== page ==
Jan Pappelbaum is one of the most inventive and internationally renowned set designers, from the Schaubühne in Berlin, Germany. He is a permanent collaborator of the theatre director Thomas Ostermeier. Together they created the very inventive staging of masterpieces like Hamlet, Richard III, A Doll’s House, and Hedda Gabler (2006). Jan Pappelbaum was a guest mentor of the creative workshop for contemporary theatre set design in Skopje, and he held a workshop at the Museum of Contemporary Art Skopje (12–14 April 2019), a collaboration supported by the Goethe Institute Skopje.
Ivanka Apostolova Baskar: Why were the lecture and workshop in Skopje titled “The Modern on Stage / The Dream of the House”? What were your expectations and your concepts for achieving creative results, and of what kind, in the manner of modern readings and space transformations in this educational context and workshop process?
Jan Pappelbaum: This was my first time in Skopje. In addition to my very abundant work as a stage designer for specific individual productions and my position as a permanent equipment manager of the Berlin Schaubühne, I like to give lectures and work in workshops, most recently last summer in Hong Kong. They help me to think and evaluate completed work and to fantasize about the future. I cannot answer all requests for lectures or workshops. The fact that I came to Skopje was for the most part because of curiosity, a production-free time and a long-term and cordial invitation.
IAB: Based on the plays recommended by you for reading, preparation, and analysis, the participants, by choosing two of three proposed plays, were separated into two groups – the Ibsen group (The Wild Duck) and the Brecht group (The Caucasian Chalk Circle) – and nobody chose Shakespeare (Measure for Measure). What kind of intuitive conclusion did you draw based on their choice of plays, ideas, and final presentations?
JP: The selection of the pieces I proposed by Shakespeare, Ibsen and Brecht was based on my own experience with them and on the conviction that these pieces need different stages for the relationship between the viewer and the staged theatrical performance. The lack of enthusiasm for Shakespeare’s Measure for Measure, though that’s a great piece, I attribute to a possibly poor translation into the Macedonian language. The results of the stage designs for Ibsen and Brecht were great, precisely because they were so consistently different. Immediately the transference was to the present; that was part of the task. For Brecht’s The Caucasian Chalk Circle, the workshop participants left the workroom and walked with me through the city, where we searched for places and spaces that could be used for a theatrical performance or that can be transmitted as a spatial motif in an existing theatre space; for example, we found rooms in the train station, markets, schools or the old post office building. It was important for the Brecht-room to have the same reality or time level of play and watching, as if the players could also be spectators or the spectators also become the players. It was quite different with Ibsen’s Wild Duck. The plot is like a dream or a nightmare of the present, based on possession, envy and mistrust. We could not visit these private worlds in Skopje (which is not that easy in other cities); we had to research and invent a new, sophisticated architecture for the stage, which at the same time elegantly solves the problems of aesthetics and conversions. I think that part was very well done.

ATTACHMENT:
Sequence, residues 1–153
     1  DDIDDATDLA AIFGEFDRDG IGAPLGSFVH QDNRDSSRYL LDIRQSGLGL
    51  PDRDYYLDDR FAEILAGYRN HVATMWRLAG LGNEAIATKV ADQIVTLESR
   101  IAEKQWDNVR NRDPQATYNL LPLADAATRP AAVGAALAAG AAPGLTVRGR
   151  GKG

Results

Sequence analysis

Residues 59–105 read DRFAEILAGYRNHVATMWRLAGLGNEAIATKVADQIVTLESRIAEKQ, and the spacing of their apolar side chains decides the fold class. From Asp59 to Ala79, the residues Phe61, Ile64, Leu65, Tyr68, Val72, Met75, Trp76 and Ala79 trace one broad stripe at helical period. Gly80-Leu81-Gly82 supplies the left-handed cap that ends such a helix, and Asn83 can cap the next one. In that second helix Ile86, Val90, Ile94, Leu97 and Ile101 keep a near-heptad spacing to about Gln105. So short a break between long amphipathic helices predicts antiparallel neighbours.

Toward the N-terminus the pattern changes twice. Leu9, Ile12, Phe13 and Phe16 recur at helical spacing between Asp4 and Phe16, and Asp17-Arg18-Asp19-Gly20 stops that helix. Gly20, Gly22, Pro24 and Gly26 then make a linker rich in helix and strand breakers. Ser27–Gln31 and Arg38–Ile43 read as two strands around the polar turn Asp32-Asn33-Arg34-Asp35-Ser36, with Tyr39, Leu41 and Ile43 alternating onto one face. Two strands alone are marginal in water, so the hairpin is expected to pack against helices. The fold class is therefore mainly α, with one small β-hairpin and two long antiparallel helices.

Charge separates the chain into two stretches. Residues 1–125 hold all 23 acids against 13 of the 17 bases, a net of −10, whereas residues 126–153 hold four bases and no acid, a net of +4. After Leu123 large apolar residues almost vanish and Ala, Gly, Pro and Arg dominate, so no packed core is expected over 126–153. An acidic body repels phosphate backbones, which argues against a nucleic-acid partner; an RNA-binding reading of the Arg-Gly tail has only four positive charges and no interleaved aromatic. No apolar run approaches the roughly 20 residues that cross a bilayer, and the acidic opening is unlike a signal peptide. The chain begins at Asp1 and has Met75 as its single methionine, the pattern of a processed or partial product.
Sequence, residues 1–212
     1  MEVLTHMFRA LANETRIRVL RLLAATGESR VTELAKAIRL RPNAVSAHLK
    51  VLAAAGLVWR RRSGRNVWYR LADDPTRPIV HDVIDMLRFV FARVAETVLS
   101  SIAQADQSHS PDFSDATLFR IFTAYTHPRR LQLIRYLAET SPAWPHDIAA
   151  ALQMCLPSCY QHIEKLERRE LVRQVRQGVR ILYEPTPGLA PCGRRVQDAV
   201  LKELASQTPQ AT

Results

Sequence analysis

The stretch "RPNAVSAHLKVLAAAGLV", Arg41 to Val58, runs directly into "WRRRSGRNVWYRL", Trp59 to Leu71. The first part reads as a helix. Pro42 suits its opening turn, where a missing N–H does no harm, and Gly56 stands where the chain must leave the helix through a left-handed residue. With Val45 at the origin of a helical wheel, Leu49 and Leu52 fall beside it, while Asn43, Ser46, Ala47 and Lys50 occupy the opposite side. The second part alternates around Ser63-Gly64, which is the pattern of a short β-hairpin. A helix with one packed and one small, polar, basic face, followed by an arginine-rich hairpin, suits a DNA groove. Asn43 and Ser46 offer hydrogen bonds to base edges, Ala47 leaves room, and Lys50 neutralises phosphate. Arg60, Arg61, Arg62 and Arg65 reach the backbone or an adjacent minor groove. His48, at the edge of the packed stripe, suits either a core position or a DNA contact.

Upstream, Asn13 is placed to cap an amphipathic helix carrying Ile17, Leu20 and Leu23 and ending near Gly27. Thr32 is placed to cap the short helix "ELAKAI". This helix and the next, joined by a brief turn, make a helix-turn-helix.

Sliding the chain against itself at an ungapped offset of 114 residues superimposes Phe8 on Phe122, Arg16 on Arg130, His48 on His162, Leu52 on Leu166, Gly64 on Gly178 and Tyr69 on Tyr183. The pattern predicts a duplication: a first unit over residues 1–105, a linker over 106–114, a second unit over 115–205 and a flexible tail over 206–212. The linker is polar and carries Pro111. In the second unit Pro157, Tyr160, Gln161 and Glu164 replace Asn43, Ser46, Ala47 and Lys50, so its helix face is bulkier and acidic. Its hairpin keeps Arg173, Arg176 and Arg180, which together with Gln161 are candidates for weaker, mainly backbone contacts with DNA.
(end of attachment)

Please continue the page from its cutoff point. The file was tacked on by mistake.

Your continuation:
IAB: Workshop students and participants were amazed by you. Your lecture is one of the most important events in 2019 in my country; we in Macedonia have a rare opportunity to have a guest artist and mentor of your caliber who is so dedicated and approachable for all the active participants who are hungry for total innovation in the theatre (we have pretty mediocre contemporary theatre, so we have a lot of artistic work to do and develop further).
JP: Unfortunately, I did not have enough time in Skopje to see contemporary theatre live. The audience for my lecture and the workshop participants I got to know very well and found interesting; the discussion with them was great fun, and I answered my own questions.